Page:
Significance is often a hard-fought battle between voicing your opinion and making your voice heard. While both may not strike the reader as being quite different from each other, there is a vast difference between both.
For some, voicing their opinion becomes a battle to be heard, and oftentimes, other people are sidelined in the process, especially if someone else’s opinion is other than your own. Other times, however, prove to be an uphill battle that comes with many scars.
Fr. Michael Lapsley is one such man who knows the meaning of this hard-fought battle. When I was conversing with Fr. Lapsley a few months ago, his story struck me as one that cost him dearly.
You see, Fr. Lapsley was a priest born in New Zealand, who, after relocating to South Africa at the age of 24, discovered the atrocities of the proponents of apartheid. Yet instead of going along with what was commonly accepted, he joined the freedom fighter movement and actively became a ‘voice for the voiceless’. However, unbeknownst to Fr. Lapsley, it would have dire repercussions.
He soon became a target of the South African government, who eventually exiled him to Lesotho. But his exile did not stop him in his fight for freedom. After eventually becoming the chaplain for the African National Congress (ANC), the organisation led by Nelson Mandela, he moved to Zimbabwe.
Then came the fateful day of April 28th, 1990. In Fr. Lapsely’s words, “it was no accident, but an assassination attempt...on the eve of the first negotiations between the apartheid regime and the ANC...a letter bomb was placed between the pages of religious magazines”. Fr. Lapsley lost both his hands, his eardrums, and his eye.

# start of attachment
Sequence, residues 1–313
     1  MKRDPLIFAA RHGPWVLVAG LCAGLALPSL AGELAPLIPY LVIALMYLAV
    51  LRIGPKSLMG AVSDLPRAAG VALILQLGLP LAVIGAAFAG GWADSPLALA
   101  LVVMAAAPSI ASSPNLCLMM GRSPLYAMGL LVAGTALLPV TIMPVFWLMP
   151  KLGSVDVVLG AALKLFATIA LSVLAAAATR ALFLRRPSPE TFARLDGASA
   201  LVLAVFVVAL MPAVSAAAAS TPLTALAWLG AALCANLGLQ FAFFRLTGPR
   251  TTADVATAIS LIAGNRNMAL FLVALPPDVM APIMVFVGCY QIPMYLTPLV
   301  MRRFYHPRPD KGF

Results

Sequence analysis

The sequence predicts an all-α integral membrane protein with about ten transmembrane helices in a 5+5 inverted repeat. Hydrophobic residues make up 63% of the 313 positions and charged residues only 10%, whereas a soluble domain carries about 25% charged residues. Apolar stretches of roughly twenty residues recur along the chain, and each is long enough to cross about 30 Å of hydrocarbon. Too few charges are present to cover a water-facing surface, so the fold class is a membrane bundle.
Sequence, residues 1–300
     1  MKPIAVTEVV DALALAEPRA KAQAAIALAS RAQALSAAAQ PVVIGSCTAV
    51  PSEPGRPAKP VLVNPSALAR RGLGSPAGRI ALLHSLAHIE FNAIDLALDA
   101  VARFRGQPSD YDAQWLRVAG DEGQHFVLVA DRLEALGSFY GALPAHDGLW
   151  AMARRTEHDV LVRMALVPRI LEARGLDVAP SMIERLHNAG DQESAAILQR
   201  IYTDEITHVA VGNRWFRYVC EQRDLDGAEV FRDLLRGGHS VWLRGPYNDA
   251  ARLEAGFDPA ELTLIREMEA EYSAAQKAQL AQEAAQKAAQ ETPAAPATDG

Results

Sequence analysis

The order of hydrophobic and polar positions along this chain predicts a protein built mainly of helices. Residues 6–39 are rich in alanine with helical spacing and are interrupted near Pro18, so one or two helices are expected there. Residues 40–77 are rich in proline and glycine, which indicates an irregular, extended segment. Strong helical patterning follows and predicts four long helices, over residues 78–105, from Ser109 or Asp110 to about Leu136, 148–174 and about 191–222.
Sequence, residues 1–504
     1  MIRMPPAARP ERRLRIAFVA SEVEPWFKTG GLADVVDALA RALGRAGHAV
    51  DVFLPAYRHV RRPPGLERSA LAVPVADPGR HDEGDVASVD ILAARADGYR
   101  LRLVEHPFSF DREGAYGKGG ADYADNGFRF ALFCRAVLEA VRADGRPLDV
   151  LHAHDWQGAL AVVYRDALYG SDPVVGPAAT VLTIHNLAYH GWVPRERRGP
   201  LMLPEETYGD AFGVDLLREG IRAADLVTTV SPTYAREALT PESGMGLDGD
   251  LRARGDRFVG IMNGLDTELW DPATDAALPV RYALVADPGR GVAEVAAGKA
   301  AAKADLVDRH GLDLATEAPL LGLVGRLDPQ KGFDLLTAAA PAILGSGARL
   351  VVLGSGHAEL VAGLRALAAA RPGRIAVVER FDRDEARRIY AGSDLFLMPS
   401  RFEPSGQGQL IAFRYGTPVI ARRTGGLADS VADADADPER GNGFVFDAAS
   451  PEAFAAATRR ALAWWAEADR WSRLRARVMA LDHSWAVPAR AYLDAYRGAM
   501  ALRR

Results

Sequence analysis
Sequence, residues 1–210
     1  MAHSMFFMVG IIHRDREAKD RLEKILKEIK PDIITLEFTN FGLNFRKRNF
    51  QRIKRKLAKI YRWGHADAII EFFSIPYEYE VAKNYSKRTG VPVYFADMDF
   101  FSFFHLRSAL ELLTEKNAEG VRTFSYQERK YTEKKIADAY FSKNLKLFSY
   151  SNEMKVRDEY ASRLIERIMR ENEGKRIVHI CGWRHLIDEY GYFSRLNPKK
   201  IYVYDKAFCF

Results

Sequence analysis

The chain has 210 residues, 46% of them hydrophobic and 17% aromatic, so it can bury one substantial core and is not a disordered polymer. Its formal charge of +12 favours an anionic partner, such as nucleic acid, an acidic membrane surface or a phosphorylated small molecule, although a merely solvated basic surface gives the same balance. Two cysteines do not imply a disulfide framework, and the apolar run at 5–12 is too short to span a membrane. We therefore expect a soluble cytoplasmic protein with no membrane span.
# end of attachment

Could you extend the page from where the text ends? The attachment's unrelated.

Pains of the past
Although I have never experienced something as near as traumatic as Fr. Lapsley, I can attest to the fact that we all bear scars from our past, myself included. Perhaps they may not bear the physical marks of trauma or of tragedy, but the pain cuts deep.
Yet we all have the ability to forgive our perpetrators, even if that means forgiving those we may never meet. In Fr. Lapsley’s words, “I am not filled with hatred, bitterness, or the desire for revenge...if those who did it are still prisoners in their hearts of what they did, I have a key, and I’m willing to turn it”.
Because of Fr. Lapsley’s actions, he was no longer a victim, but rather, became a victor, in spite of his circumstances. After the fall of the apartheid regime, Fr. Lapsley returned to South Africa in 1992. He found a nation still reeling from the aftermath of unspeakable turmoil and distrust, and knew his fight was far from over. Fr. Lapsley began the development of what is now known as the Institute for Healing of Memories, and alongside his friend, the Archbishop Desmond Tutu, who became one of the Institute’s patrons, continues the fight against violence. By enabling others to have a voice, he has become a victor, and has proven that reconciliation is more powerful than regret. In 2016, he was nominated as a laureate for the Public Peace Prize as a Global Peace and Reconciliation Internationally Reputed Peacemaker.
Voice of significance
We may not be recognised for our fight in this life, but, just like Fr. Lapsley, we all have a voice that we have the right to use for reconciliation, rather than revenge against our perpetrators. Though we may lose an arm or a leg, those who serve as a great injustice cannot take away our power to become a victor over the tragedies of this life, and in so doing, teach others that there is a better way to live.
Surely significance is still a hard-fought battle, but it’s a fight worth fighting for.
Joseph Kolapudi is a TCK born in Australia to Indian parents, and returned from California where he was studying theology at Fuller; currently, he is working with a missions agency, continuing his love of writing by contributing to PSI.
Joseph Kolapudi's previous articles may be viewed at http://www.pressserviceinternational.org/joseph-kolapudi.html